The survey released today from the Bureau of Labor Statistics categorizes primary care as anything “done as a main activity, such as providing physical care or reading to children.” Surprisingly, this also includes education-related activities. It said that childcare times hardly budged because certain activities, like picking up and dropping off kids at school or activities dropped.

The data on secondary care—time spent with a child under your care while you are busy with other things, including working, managing the household, and shopping, for instance—may feel more validating for stressed-out parents, particularly women.  Here, adults in US households with at least one child under age 13 spent an average of 6.1 hours per day providing secondary childcare, an increase of one hour from the previous year.

The largest increase was seen among adults with a 6 to 12-year-old child in the house: This group dedicated an extra 1.6 hours to secondary childcare compared to 2019.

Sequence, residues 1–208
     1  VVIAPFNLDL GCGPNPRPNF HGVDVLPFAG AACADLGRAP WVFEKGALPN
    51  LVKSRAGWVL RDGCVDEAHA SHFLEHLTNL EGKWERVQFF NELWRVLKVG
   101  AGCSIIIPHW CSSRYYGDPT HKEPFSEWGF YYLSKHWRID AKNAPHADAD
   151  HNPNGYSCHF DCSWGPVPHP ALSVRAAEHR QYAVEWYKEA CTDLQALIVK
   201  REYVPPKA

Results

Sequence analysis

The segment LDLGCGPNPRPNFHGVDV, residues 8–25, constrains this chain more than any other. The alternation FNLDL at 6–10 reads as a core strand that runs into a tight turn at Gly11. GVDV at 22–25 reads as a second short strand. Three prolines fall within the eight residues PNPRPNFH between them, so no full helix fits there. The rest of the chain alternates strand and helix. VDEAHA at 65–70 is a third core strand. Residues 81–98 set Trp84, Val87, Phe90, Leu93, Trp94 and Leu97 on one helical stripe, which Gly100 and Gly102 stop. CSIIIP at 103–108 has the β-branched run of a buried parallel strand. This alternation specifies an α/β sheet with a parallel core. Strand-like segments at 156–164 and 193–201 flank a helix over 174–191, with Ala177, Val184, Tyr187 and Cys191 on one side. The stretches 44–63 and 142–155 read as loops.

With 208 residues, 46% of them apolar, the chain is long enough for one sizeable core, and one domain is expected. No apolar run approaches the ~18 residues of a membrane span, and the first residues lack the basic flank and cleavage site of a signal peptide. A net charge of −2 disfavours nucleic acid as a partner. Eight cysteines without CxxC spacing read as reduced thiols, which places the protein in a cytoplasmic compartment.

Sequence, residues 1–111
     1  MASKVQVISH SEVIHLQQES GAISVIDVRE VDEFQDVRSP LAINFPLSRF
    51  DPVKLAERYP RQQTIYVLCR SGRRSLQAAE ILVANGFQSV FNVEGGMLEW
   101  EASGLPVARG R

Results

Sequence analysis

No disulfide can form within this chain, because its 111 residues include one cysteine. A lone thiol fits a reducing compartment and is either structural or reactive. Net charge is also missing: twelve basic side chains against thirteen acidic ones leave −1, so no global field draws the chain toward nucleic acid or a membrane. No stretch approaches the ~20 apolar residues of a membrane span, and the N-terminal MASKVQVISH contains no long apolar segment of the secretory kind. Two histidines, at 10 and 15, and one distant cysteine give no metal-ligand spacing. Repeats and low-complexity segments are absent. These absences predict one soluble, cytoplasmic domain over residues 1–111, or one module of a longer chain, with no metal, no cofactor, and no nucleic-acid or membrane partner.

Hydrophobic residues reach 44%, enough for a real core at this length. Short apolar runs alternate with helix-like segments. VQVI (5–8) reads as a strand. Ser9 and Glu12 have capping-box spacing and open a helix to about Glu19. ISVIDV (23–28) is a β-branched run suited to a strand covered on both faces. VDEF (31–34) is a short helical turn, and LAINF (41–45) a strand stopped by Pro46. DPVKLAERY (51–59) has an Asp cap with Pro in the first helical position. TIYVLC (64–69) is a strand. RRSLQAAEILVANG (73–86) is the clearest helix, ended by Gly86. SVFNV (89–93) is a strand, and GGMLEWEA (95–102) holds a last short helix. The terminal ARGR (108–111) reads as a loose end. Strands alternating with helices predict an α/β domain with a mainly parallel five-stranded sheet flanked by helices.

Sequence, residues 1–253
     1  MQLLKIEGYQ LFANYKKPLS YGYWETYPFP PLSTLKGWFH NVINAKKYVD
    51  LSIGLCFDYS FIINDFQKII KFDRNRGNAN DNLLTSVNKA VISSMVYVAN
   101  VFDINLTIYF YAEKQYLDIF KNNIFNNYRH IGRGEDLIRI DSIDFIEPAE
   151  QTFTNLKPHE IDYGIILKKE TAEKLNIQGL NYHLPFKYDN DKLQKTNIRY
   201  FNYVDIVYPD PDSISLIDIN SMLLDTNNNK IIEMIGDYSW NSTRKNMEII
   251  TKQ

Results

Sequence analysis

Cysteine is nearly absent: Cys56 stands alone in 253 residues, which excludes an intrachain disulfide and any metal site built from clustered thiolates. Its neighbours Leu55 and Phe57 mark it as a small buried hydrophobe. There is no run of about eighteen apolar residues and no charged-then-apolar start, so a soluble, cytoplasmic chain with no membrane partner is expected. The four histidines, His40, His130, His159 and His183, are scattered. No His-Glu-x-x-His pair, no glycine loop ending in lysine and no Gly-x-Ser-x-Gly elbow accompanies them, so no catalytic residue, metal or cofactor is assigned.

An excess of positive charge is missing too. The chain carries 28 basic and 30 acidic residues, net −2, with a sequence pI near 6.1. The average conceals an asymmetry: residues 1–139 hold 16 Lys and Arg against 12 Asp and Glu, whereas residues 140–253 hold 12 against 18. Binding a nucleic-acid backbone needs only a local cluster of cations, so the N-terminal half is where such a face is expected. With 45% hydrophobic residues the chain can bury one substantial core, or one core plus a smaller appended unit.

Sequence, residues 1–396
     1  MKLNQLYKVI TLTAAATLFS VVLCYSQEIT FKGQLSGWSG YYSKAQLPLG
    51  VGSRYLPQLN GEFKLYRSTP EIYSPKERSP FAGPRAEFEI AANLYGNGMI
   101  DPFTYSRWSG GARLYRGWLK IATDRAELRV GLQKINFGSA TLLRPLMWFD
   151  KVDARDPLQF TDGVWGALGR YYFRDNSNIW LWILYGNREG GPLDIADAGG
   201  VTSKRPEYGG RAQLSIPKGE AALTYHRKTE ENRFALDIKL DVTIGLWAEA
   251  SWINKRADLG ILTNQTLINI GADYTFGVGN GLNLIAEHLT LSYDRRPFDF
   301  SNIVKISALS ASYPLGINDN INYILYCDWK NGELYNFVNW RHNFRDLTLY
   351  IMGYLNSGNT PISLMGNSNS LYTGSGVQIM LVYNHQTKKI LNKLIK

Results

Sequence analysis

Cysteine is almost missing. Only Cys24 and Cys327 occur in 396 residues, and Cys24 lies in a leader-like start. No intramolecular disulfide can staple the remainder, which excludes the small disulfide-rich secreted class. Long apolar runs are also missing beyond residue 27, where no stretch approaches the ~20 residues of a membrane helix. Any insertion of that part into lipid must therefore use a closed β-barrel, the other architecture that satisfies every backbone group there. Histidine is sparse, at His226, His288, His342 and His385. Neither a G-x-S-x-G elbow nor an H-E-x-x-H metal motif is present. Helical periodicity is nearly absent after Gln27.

Unfortunately, traditional gender patterns also played out in the survey results. Men in households with children younger than 13 were busy with secondary childcare an average 4.9 hours per day while women were on double-duty for an average of 7.1 hours per day.

Compared to 2019, that was about 50 minutes of extra secondary care per day for men and 66 minutes of extra time for women. The gap in the total time spent parenting also partially explains why more women than men dropped out of the US workforce during the pandemic.

All of the data for the annual American Time Use Survey is self-reported.

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